Sunday, August 28, 2005


'So they went up to the mountains, to behold the gardens and orchards, the vineyards and fountains of water; where also they drank and washed themselves, and did freely eat of the vineyards' (on the Delectable Mountains of Bunyan's Christian odyssey.)

It's holiday time, and it seems the columnists I most admire, Steyn and Hitchens, are using it to take a step back and reflect on Iraq. Steyn is focussing on the Iraqi constitution. He takes on the glass-three-quarters empty crew who are obsessing that, among other issues for BUsh's legacy, 'Iraqi women were better off under Saddam'. Killer point-

'So what do we find in Article 151 of the Iraqi constitution?

"No less than 25 percent of Council of Deputies seats go to women."

I'm not a great fan of quotas but for purposes of comparison, after two-and-a-quarter centuries, in the United States Senate, 14 percent of the seats are held by women.'

Indeed. But, speaking of killers, it's worth saying that the argument that women were somehow protected by Saddam is a fairly stupid one. I recall seeing a C4 documentary chronicling the mass beheading of a group of women in Baghdad central by Saddam's henchmen- as an example to society. This report I think refers to many similar incidents (not, I think, as I thought initially, that particular one- I thought it a hopeless task searching for one of the few pro-Iraq war Channel Four broadcasts). Even the BBC reported, from a part of the Governement's dossier that seems undisputed that 'Under Saddam Huseein's regime women lack even the basic right to life. A 1990 decree allows male relatives to kill a female relative in the name of honour without punishment.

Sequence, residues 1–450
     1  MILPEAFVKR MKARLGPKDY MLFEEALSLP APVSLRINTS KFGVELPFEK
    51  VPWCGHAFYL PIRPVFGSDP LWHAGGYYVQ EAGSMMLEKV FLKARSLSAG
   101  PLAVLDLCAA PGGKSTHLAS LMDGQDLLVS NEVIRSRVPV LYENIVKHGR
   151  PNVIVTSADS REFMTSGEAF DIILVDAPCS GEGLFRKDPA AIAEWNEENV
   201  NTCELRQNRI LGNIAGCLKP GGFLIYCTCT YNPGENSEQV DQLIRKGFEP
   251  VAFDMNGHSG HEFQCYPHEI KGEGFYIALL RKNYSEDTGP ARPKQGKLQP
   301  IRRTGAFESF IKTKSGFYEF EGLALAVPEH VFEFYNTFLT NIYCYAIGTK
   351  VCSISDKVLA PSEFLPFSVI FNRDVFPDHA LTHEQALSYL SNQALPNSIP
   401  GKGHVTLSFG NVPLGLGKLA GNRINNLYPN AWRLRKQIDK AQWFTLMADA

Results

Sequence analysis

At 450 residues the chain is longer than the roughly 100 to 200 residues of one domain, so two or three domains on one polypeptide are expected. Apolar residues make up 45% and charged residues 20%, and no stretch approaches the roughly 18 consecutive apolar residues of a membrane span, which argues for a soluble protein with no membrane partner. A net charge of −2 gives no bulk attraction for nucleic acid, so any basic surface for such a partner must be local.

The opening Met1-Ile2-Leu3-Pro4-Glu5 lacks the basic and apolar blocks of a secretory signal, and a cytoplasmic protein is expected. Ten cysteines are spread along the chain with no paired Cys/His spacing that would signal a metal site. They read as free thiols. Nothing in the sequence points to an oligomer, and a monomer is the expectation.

Women have been tortured, ill-treated and in some cases summarily executed too, according to Amnesty International.'

While this is straightforward stuff, it's been largely forgotten. That doesn't put Steyn off much though- an overwhelmingly positive article.

Meanwhile, Hitchens pulls off that rare feat- an article with which I hardly have a point of disagreement. Simply a wonderful defense of the case for the Iraq war- though not always the case that has been presented to us. Rather simlar to a case I attempted to make in a recent post at Biased BBC, basically the opponents of the war must assay some realism in their view of what the world would be like now without the Iraq war more than two years ago. Hitch nails it excellently:

'Anyone with the smallest knowledge of Iraq knows that its society and infrastructure and institutions have been appallingly maimed and beggared by three decades of war and fascism (and the "divide-and-rule" tactics by which Saddam maintained his own tribal minority of the Sunni minority in power). In logic and morality, one must therefore compare the current state of the country with the likely or probable state of it had Saddam and his sons been allowed to go on ruling.

At once, one sees that all the alternatives would have been infinitely worse, and would most likely have led to an implosion--as well as opportunistic invasions from Iran and Turkey and Saudi Arabia, on behalf of their respective interests or confessional clienteles. This would in turn have necessitated a more costly and bloody intervention by some kind of coalition, much too late and on even worse terms and conditions. This is the lesson of Bosnia and Rwanda yesterday, and of Darfur today. When I have made this point in public, I have never had anyone offer an answer to it. A broken Iraq was in our future no matter what, and was a responsibility (somewhat conditioned by our past blunders) that no decent person could shirk. The only unthinkable policy was one of abstention.'

Strange, to return to Bunyan, that Hitchens is a columnist for Vanity Fair. Truly it's a postmodern world, but with some seriously real battles to fight.

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